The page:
Unfortunately, it's true that when a child develops a medical problem, they may have trouble qualifying for life insurance later in life, in some instances even becoming uninsurable. With child life policies, the premium will never change, even if the beneficiary becomes unhealthy. Many insurance companies even have a guarantee to add more coverage rider (an amendment to the policies terms), much like the most recognized juvenile insurance provider, Gerber Life Insurance. With Gerber's guaranteed right for a child to buy more coverage as an adult policy, the insured can buy up to ten times the original amount at standard age rates—no questions asked.

The savings component to whole life policies can benefit children when they become adults. Whole life policies accumulate cash value from the premiums you pay over time. The cash value earns interest based on the dividends declared by the insurance company that owns the policy. In most cases, the return on the cash value is much better than that of savings accounts or CDs.

As the cash value builds in the policy, there are numerous options that can be used:

  • A partial withdrawal of the cash value can be taken; however, if it is not paid back it reduces the amount of the death benefit and may incur fees. It is recommended that this only be done in emergencies.
  • Loans can be taken out against the cash value, which creates a tax-free way to withdraw money as needed and often is available through the policies with low-interest rates.
  • The cash value can be completely withdrawn and the policy surrendered. Some beneficiaries may choose to do this when they come of adult age to help pay for school, a first home, and so on. It's wise to check into the specifics with each policy because some have surrender fees if the money is withdrawn before a certain amount of time has gone by.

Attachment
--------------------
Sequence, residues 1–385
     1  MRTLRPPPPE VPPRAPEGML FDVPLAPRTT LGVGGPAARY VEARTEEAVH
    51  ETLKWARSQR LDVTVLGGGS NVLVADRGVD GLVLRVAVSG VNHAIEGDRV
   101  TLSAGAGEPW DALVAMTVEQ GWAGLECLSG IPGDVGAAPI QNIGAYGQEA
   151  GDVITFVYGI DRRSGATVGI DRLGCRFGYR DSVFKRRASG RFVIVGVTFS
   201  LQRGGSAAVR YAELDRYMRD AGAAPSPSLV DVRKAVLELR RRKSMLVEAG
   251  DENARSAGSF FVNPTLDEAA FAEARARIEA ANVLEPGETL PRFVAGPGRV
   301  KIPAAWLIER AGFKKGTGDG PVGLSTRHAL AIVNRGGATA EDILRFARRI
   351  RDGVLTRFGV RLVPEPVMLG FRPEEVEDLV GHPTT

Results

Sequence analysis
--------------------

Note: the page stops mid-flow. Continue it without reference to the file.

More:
Parents or grandparents can switch over policy ownership to the child once they reach adulthood. In fact, most plans automatically switch ownership once the child turns 21. Before purchasing any insurance, it is important to look over your financial situation first and ensure that you will be able to pay the premiums.

Looking at some statistics collected in the 2019 Insurance Borameter Study, more consumers say they need insurance than those who say they own them, and affordability and value are two obstacles that stop Americans from buying life insurance. But more than half of respondents overestimate its true cost by 3x or more. It seems the primary reason that nearly half of Americans don't have life insurance is due to lack of knowledge about it. What better way to help educate our future generations than to give the gift of insurance to your little one!

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The Federal Reserve sets the guardrails for the federal funds rate, and through that helps control the money supply for the nation.

When you take out a loan for a car, charge something to your credit card, or get a personal line of credit, there is going to be an interest rate that applies to your loan.